Check out the highlights from Derrick Goold’s Cardinals chat with readers. The full transcript of the chat can be found here.
Q: I understand it’s a really small sample size, but if Winn keeps hitting the way he is, does he force his way onto the roster?
DG: Not likely at this moment, not with an injury ahead of him on the depth chart. But he’s definitely accelerating his arrival. The Cardinals entered this season with the plan of having him start, at the highest, at Class AAA Memphis, and while that is still the case to see how his offense continues to improve, to in fact blossom, the notion of seeing Winn at some point in the majors this coming year is gaining a foothold within the organization. Obviously, it will depend on how he performs at Memphis, But there is a real sense around spring training that a) he’s had one of the best camps so far for any player at any level and b) if he continues to make the advancements he has at the pace he’s doing it then he’ll be in the majors at some point by season’s end.
Q: Hi Derrick. Love the clock so far. How will extra time be handled when catcher or umpire gets dinged hard and needs a bit to collect themselves?
DG: Discretion of the officials on the field. That is allowed. They’ll be smart about it.
Q: From my vantage point it sure looks like Jordan Walker is playing his way onto the roster; do the Cardinals agree?
DG: They are taking this as it goes, and they don’t have to make a call right now, so they won’t. They’re going to continue to play him, start him, test him, and throw challenges in his direction, and they’ll see how he responds. He’s going on the road trip this week so he could play in both Lakeland and Tampa. They are determined to give him the opportunity to win a spot on the opening day lineup, and you’re seeing that backed with action.
Q: With the WBC on the horizon, are there any Cardinal vs Cardinal matchups you are excited to see?
DG: Miles Mikolas vs. any teammate would be good. He’ll have thoughts to share from the mound.
Q: It seems that the Cardinals have several prospects in the outfield who can hit but may also be defensive liabilities. Gorman at second would be one as well.
Is this a statement on our farm systems ability to develop players or is this normal in today’s baseball structure?
DG: Nolan Gorman is a better than average second baseman. His arm allows for him to make up for some of the range and footwork that he’s still making instinctual, but he’s a fine to good second baseman, and he’s above average at that position.
Juan Yepez, Alec Burleson are first basemen who are playing the outfield because the NL MVP plays first base for the Cardinals, and Gomez is from another organization and really has always a bat first and searching for a position. That’s not new. I don’t think this reveals any greater truth on development that you couldn’t also point to the work that Walker did or Mercado did years ago or Donovan has done as examples to the contrary.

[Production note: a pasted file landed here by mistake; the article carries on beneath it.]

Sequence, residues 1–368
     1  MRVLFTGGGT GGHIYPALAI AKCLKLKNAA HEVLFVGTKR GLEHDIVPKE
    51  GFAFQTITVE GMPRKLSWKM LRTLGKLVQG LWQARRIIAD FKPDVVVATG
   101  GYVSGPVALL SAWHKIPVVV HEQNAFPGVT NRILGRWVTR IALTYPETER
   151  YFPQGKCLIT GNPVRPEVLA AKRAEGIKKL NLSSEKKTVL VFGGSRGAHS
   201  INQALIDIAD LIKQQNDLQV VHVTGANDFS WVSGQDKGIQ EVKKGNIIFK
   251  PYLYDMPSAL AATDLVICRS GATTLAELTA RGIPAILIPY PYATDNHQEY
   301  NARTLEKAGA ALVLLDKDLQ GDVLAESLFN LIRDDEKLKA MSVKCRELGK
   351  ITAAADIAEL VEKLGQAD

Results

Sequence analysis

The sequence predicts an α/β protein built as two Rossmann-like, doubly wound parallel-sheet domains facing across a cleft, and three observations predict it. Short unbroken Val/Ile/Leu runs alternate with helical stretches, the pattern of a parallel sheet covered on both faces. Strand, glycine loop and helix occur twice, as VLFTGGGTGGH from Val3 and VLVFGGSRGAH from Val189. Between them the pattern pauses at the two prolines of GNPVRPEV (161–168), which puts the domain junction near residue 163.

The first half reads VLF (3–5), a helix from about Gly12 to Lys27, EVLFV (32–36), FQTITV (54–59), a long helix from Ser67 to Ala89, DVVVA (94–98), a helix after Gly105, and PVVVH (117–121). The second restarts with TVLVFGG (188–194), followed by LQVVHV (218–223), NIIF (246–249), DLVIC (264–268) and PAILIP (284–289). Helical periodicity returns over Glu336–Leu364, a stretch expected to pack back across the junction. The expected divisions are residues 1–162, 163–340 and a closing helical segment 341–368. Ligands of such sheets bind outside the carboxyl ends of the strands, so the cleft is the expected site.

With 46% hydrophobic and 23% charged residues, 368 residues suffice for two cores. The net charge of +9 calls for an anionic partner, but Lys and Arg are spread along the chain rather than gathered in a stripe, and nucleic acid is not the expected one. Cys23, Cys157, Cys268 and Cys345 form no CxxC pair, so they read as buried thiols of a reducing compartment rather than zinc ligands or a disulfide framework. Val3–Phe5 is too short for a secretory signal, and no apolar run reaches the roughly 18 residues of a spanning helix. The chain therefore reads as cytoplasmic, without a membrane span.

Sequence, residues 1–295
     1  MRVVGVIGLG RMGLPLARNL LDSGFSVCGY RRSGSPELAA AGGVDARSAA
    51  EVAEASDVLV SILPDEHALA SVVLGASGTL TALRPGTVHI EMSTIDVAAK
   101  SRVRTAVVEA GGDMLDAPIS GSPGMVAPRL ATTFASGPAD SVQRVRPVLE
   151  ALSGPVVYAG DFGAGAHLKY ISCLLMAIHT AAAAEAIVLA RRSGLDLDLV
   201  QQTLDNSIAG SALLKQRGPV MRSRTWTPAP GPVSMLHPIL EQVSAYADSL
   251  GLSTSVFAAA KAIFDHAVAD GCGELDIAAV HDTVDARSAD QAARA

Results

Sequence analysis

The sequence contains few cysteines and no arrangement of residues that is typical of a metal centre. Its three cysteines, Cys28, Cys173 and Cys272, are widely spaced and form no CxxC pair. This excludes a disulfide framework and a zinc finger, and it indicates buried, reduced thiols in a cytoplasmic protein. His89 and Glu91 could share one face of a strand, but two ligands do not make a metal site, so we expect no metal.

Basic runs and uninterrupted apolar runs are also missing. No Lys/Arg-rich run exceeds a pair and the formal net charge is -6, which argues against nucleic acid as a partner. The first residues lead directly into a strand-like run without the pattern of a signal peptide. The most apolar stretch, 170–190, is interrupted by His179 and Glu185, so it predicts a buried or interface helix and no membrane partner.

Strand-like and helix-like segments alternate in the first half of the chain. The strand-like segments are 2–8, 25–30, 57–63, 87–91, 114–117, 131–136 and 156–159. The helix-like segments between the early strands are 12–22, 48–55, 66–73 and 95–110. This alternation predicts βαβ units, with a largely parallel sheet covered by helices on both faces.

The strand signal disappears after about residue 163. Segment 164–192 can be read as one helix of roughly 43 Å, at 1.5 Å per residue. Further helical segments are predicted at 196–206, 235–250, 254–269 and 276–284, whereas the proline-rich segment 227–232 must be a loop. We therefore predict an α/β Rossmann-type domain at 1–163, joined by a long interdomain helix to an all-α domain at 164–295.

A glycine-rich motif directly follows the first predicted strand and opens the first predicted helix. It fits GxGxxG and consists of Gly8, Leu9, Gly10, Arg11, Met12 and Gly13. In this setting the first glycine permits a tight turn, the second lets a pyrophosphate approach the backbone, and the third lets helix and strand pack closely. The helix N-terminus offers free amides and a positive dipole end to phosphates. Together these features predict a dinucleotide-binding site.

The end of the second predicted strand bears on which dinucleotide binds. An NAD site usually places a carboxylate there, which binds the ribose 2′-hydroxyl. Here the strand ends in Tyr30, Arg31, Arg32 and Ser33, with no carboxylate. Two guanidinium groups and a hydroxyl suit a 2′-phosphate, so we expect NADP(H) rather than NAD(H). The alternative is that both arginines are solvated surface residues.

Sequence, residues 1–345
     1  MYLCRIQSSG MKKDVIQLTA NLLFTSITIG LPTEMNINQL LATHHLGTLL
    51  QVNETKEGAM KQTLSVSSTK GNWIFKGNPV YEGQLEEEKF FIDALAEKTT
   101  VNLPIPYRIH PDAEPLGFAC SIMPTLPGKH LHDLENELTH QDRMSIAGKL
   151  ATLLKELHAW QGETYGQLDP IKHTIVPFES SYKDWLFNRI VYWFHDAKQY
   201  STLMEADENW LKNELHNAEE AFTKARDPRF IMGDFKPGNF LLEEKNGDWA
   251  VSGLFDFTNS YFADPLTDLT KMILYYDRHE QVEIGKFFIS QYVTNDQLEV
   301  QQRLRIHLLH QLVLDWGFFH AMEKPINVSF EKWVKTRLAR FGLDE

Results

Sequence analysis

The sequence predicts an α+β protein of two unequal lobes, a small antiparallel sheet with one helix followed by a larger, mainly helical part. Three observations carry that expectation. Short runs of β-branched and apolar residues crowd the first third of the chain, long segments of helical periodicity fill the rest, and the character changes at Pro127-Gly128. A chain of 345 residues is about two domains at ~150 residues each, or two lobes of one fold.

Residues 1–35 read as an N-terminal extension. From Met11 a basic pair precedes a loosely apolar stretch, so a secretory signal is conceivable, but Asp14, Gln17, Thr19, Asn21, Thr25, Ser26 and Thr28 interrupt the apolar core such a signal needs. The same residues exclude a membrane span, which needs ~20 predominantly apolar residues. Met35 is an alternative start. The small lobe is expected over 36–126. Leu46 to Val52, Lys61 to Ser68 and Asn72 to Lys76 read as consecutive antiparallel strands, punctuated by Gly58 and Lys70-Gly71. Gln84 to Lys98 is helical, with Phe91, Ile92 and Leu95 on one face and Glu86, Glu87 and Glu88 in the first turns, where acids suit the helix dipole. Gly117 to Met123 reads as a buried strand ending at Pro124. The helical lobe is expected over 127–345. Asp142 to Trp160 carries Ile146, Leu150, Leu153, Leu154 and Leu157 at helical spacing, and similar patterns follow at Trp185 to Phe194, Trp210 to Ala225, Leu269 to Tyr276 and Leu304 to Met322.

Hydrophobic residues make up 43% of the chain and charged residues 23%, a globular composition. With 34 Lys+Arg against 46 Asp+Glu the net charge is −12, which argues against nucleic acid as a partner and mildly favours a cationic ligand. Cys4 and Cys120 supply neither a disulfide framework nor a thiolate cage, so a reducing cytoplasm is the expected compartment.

Q: Jake Woodford seems to strengthen his case to be a part of the MLB team every time he touches the mound. What does this guy have to do to get some love from the FO and coaching staff?
DG: Yes, that’s fair. For sure. That’s the purpose of spring training. But so is context. Some players are trying to impress, some players are trying to prepare. We need to be honest about that. Many many many years ago there was a young player crushing the ball at third base while Scott Rolen got into his groove, took pitches, found his timing, and get ready for the regular season. He was getting ready to do his job, and the young player having a great spring was not going to take it. Context matters.
The general sense within the walls of the Cardinals’ office is that O’Neill is on the short list for players who have had strong springs so far. Winn is on that same list. Walker would be, too.
As for Woodford — what does he have to do to have the role that he’s earned with all the work he’s done to meet their demands, to get outs, to continually work toward being the pitcher they asked him to be while still getting outs in whatever role they ask?
Well, he might have to be traded, honestly.
That said. He’s on the short list of impressive springs, too. For what it’s worth.
Q: Derrick, a week or so into training camp … are you feeling better, the same, or worse about the Cardinals upcoming season?
DG: About the same. A couple of weeks into camp and they haven’t answered questions we know they’ll have. They’re not going to win a playoff series in March. They are going to stay healthy for April, and that’s happened. Flaherty had a positive appearance today. Walker has had a strong camp. O’Neill has made his point about the work he’s done. All expected strides, right? This is a season, as the players have said and writers will likely repeat, that will be impossible to judge until later in the year because that’s when any Cardinals season is judged. Are they getting ready for it? Yes. Are they sloppy and rickety and unhealthy and throwing out flares of trouble? Not at all. They’re having the spring they need. That’s the first step toward the season they want.
Q: Of the pitchers perceived to be outside of the rotation so far, which do you think has the highest likelihood of becoming an important factor when an injury occurs in the rotation? (It always does). My list of candidates in my head are Woodford, Liberatore, Graceffo, or McGreevy (there could be others I’m missing).
DG: Good call including McGreevy.
Q: With the Cardinals unwilling to meeting the FA price for starting pitching, what direction do you think they will take next year to fill the 3 or 4 vacant SP spots?
DG: They’re going to have to change that stance. Full stop. Catch up to the market.
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